KLANG: Can he take good pictures? Can he see it properly?
Such remarks are so familiar to disabled professional photographer Muhamad Hakimi Mokhtar that he has learned to ignore them though they still hurt.
Most people would find it strange that a person afflicted with crossed eyes and poor vision would choose photography as a profession.
Hakimi has had the condition since he was a baby, but Providence chose to plant in him the love for the craft. He’s had the passion for it since he can’t remember when.
He began to think of setting up his own business after he finished school some years ago.
He told FMT: “I remember the dirty looks I got whenever I started to talk about photography and my dream of setting up a business. They didn’t think someone with crossed eyes like me could do it.
“It was demoralising, as if I was not meant to work like anyone else.”
He admitted to having had a mental breakdown because the despise he got from people around him was too overwhelming. But he soon got over it and decided he would let no one stand in the way of his dream.
The turning point came when he met photographer Muhd Helmi Mujamak at a wedding reception.
“I asked him if he wanted to be my partner. I made it sound casual and random. I knew I had to at least try.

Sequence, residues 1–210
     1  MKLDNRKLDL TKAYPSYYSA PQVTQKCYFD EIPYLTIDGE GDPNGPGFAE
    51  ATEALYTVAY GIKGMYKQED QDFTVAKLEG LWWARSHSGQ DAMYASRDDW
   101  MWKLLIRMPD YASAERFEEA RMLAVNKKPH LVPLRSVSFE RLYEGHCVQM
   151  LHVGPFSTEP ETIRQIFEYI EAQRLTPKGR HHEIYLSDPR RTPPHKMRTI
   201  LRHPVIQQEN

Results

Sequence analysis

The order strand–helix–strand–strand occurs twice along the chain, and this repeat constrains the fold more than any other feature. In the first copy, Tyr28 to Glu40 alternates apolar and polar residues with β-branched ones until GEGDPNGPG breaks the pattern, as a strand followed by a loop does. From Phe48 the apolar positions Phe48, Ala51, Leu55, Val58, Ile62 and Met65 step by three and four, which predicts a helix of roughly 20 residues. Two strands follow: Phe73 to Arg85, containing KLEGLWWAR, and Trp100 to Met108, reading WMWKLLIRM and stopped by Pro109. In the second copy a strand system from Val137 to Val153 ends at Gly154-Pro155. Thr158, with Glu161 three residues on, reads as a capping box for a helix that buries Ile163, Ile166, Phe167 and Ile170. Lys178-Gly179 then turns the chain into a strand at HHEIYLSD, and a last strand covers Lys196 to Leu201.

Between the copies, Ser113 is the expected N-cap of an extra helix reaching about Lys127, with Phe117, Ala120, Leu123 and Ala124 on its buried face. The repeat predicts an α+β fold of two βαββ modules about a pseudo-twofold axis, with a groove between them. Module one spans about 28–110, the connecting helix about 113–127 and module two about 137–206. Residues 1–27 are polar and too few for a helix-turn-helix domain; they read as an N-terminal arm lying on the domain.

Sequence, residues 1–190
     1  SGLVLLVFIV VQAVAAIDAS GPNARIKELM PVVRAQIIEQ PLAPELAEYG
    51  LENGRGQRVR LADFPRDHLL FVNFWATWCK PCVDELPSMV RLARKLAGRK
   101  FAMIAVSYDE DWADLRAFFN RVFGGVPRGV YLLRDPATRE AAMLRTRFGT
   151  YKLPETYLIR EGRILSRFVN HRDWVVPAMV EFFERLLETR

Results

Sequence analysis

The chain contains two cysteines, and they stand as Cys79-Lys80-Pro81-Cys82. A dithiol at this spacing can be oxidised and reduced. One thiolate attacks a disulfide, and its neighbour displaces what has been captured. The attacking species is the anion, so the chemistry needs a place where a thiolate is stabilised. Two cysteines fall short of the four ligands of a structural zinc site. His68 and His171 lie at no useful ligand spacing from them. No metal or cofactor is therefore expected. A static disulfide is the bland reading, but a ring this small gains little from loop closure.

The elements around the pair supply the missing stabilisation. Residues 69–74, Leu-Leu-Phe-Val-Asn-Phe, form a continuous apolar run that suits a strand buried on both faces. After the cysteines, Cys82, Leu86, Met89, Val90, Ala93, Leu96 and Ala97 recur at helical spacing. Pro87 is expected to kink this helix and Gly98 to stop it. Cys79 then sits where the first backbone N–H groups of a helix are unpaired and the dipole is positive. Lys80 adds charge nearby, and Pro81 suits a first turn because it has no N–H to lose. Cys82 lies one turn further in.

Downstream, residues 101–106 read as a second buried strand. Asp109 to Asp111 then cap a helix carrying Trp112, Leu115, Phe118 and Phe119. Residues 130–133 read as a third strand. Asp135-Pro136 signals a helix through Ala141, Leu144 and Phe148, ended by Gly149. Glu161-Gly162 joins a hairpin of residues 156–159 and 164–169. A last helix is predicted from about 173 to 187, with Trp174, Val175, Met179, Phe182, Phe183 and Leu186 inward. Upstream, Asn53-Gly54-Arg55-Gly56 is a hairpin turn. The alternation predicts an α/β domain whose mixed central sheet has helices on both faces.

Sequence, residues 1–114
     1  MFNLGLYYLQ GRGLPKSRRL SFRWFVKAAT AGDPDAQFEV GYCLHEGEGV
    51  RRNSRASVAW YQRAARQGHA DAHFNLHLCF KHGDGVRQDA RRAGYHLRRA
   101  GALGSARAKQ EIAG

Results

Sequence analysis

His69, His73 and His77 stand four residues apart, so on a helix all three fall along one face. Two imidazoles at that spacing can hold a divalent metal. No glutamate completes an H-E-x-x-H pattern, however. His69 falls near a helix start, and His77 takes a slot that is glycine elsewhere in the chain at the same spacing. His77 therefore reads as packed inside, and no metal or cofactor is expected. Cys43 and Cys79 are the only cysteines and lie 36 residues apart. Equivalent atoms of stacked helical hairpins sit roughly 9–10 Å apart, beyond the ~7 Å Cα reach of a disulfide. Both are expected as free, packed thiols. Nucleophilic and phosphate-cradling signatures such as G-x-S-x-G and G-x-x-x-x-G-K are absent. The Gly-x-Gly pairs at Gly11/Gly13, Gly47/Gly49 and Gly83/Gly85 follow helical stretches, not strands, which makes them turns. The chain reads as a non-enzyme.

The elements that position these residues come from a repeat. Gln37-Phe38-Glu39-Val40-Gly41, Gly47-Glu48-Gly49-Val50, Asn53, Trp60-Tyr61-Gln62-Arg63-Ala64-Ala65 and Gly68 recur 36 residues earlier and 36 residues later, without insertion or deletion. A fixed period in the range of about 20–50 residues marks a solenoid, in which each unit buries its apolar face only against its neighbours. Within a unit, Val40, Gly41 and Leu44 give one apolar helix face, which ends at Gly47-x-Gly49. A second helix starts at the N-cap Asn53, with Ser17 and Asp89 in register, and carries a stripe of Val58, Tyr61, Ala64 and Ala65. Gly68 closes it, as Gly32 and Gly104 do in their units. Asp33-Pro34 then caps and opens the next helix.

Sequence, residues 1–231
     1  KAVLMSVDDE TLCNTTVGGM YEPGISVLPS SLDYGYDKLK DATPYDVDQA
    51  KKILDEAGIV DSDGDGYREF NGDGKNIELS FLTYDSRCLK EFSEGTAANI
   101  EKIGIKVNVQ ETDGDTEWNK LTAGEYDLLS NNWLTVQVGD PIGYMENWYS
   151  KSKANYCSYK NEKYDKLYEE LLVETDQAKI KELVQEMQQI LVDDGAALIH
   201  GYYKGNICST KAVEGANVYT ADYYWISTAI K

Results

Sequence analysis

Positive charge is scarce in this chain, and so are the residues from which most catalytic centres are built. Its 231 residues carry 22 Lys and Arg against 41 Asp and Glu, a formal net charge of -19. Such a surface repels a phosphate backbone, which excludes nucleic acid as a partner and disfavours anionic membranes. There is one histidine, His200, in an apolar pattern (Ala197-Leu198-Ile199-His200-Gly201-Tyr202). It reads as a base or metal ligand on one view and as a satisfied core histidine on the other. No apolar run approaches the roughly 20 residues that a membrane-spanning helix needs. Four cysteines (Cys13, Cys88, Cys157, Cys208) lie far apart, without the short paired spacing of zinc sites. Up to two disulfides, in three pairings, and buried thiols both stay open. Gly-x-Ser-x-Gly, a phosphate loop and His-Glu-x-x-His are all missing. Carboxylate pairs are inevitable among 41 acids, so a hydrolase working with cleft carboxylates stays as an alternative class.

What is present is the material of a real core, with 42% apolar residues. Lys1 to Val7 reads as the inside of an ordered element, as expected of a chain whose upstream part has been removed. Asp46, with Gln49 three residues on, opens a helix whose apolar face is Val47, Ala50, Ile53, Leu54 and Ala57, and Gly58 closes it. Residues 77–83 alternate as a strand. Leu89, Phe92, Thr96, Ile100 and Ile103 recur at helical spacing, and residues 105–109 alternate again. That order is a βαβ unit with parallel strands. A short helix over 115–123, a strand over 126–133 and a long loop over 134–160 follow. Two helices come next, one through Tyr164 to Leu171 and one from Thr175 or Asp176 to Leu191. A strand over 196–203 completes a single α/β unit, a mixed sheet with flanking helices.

“He was quite unsure at first, but then he decided to give me a chance.”
It was from Helmi that he learned the finer points of the art.
They set up a company called Kidung Entertainment, which specialises on wedding photos and informal occasions.
The first few months were particularly tough, but they persevered and marketed their service through word of mouth and a little bit of formal advertising.
“There were times when people wanted to cancel the deal after meeting us. They expected us to be normal, but I’m not.”
They persevered and soon began to gain recognition.
A year later, another disabled man, wheelchair-bound Sazali Hassan, joined the two as a video editor. The 52-year-old was diagnosed with arthritis when he was 25, but he brought with him his experience of working for a media company.
Now, after two-and-a-half years of hard work, their customer base has started to grow.
“Of course, they will question us at first, but in the end they are satisfied with our work,” Hakimi said.
“I’ve always wanted to show people that the disabled can work like normal people too and we should be given the chance to prove it.”
He says the hardest part of running a business is finding a way to sustain it. Maintaining the cameras, for instance, takes up a large part of the company’s earnings.
Despite the growing clientele, “it’s still a real challenge to find enough jobs”, he adds. “Sometimes, we don’t have customers at all.”
However, Hakimi does not want to give up the business because he has put his whole heart and soul into it for nearly three years.
“I want to show the world that we can do this,” he said.